Skip to Content
chevron-left chevron-right chevron-up chevron-right chevron-left arrow-back star phone quote checkbox-checked search wrench info shield play connection mobile coin-dollar spoon-knife ticket pushpin location gift fire feed bubbles home heart calendar price-tag credit-card clock envelop facebook instagram twitter youtube pinterest yelp google reddit linkedin envelope bbb pinterest homeadvisor angies

When looking for a place of residency, you’re going to encounter a lease agreement. It can be nerve-racking signing a hefty contract without fully understanding what’s included. It’s normal to feel uneasy about signing a long lease, but we want to help ease your concern. Check out five terms that may be included in your lease below.

Renter’s insurance

Renter’s insurance helps tenants protect themselves. It provides some of the coverage that’s included in homeowners’ insurance, but it doesn’t include coverage for the building itself. Renter’s insurance mostly covers your personal property from theft, some natural disasters, flooding, etc.

Fixed-term agreement

A fixed-term agreement has a set start and end date. Typically, these are around 12 months but can be shorter or longer depending on your contract. For instance, if you sign a 12-month fixed-term agreement and move in on January 1, you already know you will be moving out (or renewing!) by December 31.

Occupancy limit

Occupancy limits prevent you from moving anyone else in or adding roommates without consulting your landlord or leasing office first. This also limits how many people can stay in a bedroom in the unit. The United States Department of Housing and Urban Development’s recommendation is two people per bedroom. Of course, you will need to check with your landlord, but a maximum of two people per bedroom is the standard.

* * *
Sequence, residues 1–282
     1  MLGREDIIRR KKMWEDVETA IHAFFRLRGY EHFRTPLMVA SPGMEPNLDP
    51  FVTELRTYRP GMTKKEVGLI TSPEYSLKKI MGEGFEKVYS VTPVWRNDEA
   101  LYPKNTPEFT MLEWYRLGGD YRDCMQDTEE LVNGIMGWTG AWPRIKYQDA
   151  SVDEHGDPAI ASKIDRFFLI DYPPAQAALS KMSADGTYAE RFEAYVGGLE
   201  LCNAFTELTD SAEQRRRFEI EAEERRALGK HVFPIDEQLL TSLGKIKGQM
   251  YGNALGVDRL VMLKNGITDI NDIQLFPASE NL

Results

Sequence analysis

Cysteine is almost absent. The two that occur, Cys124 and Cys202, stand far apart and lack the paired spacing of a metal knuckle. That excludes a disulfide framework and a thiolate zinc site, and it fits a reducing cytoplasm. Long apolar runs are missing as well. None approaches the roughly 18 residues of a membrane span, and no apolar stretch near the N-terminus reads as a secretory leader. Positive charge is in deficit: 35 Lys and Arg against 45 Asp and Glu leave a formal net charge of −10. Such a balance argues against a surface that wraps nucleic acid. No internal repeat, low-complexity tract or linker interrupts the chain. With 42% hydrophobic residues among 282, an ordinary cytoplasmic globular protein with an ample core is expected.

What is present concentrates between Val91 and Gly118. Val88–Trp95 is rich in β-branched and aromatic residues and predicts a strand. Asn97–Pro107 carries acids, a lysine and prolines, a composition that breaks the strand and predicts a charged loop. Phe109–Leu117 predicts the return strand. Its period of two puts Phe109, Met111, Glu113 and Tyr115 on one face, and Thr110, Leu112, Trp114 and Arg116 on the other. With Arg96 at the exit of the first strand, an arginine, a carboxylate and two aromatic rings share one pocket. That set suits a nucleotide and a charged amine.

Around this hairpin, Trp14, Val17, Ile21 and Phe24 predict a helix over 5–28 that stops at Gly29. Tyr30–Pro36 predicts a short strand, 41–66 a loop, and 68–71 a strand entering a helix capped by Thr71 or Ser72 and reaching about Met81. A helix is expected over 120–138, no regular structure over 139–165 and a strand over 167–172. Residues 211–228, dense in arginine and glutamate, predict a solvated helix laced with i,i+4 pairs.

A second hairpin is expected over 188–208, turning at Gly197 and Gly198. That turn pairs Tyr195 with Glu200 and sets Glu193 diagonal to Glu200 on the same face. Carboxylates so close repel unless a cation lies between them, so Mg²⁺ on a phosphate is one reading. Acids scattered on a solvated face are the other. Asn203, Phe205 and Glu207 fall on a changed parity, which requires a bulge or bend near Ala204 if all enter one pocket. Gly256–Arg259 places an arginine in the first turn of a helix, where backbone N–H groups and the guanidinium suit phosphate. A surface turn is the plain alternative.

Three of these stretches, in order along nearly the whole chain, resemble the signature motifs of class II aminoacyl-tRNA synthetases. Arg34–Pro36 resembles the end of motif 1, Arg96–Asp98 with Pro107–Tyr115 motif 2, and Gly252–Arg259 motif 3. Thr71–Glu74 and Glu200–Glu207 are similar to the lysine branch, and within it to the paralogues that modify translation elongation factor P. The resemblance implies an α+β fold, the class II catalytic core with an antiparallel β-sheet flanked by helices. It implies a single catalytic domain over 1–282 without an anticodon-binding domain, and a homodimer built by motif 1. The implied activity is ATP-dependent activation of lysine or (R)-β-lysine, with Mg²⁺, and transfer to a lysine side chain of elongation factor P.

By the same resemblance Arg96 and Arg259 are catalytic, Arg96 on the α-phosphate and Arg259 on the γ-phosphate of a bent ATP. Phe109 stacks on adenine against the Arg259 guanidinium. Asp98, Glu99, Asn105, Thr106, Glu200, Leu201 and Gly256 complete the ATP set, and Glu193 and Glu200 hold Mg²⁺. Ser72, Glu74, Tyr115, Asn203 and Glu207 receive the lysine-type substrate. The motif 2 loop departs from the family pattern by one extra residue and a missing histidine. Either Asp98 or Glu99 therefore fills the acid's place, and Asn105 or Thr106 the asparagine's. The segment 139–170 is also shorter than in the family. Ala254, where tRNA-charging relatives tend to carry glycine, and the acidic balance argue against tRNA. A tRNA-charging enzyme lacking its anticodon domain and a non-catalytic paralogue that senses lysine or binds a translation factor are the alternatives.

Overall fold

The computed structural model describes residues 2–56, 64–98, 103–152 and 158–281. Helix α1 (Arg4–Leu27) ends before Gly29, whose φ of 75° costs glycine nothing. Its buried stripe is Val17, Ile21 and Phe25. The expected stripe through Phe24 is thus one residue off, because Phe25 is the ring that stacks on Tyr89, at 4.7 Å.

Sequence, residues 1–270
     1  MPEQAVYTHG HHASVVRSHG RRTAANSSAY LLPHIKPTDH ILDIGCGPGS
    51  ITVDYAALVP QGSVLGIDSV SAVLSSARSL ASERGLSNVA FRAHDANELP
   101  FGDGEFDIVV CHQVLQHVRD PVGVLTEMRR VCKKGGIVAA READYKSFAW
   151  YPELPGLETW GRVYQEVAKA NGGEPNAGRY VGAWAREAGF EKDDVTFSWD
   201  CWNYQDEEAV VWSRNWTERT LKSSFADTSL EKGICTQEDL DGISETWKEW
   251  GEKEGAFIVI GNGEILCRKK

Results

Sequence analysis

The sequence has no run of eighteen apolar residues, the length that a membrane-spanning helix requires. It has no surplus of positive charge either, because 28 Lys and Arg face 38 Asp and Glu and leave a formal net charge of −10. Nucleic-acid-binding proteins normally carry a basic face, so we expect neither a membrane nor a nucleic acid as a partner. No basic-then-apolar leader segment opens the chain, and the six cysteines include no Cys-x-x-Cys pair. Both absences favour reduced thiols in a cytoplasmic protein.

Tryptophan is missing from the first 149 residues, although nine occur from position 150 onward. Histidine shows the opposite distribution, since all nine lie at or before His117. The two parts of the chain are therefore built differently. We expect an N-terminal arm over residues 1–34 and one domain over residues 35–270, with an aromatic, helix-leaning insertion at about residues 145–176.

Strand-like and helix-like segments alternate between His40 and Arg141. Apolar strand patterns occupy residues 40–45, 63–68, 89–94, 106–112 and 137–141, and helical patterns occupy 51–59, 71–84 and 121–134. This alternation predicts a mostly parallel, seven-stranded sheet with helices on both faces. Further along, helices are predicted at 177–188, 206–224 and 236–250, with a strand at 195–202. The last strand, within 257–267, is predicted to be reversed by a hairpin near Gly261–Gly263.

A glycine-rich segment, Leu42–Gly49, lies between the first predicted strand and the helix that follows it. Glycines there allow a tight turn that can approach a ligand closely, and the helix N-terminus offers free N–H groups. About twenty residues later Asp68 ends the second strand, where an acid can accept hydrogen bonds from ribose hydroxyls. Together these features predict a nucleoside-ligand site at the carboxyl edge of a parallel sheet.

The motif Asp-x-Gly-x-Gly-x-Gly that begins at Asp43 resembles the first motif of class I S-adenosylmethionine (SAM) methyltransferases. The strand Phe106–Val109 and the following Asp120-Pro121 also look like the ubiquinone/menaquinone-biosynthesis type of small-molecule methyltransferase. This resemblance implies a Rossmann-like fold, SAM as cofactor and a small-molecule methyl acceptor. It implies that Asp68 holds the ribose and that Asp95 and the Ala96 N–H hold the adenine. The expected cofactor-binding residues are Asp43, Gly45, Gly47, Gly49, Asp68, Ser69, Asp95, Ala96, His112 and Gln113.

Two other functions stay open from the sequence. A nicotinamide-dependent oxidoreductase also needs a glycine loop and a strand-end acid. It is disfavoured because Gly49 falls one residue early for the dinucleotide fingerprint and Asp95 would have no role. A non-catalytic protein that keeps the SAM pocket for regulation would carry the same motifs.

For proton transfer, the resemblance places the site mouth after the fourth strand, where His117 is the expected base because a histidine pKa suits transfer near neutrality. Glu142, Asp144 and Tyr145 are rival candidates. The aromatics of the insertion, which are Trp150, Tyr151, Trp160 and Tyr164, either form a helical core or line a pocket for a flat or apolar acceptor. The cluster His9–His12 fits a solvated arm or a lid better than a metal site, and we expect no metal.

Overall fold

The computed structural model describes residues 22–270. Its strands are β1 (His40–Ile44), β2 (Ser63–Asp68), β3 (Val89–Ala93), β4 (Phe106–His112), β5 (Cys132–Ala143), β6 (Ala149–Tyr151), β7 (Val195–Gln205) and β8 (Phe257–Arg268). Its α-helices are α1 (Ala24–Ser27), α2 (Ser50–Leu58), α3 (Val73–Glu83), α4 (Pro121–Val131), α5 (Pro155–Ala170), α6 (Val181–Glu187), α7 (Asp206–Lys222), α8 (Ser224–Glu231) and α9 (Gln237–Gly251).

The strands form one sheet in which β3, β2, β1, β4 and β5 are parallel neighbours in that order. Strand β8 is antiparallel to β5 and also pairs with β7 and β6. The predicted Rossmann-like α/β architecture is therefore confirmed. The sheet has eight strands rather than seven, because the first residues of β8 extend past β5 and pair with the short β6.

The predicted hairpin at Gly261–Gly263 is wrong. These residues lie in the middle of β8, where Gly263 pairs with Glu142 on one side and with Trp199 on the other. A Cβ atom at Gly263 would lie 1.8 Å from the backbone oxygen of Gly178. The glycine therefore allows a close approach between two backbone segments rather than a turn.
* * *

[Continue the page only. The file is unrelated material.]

Fair Housing Act

The Fair Housing Act protects tenants from discrimination against race, sex, religion, disability, familial status and more. This act should be mentioned in every lease. It’s important to note there are a few unique instances where the FHA does not apply – like owner occupied buildings with four or fewer units.


If you fail to adhere to any of the statements outlined in your lease, you are in breach of your contract. Depending on your violation(s), you could be fined or evicted. This is why it’s essential to read the ins and outs of your lease before signing. You want to know exactly what rules and regulations are required of you before you are legally obligated.

If you need more clarification or insight on rental jargon, we’ve got your back. Contact EZR today.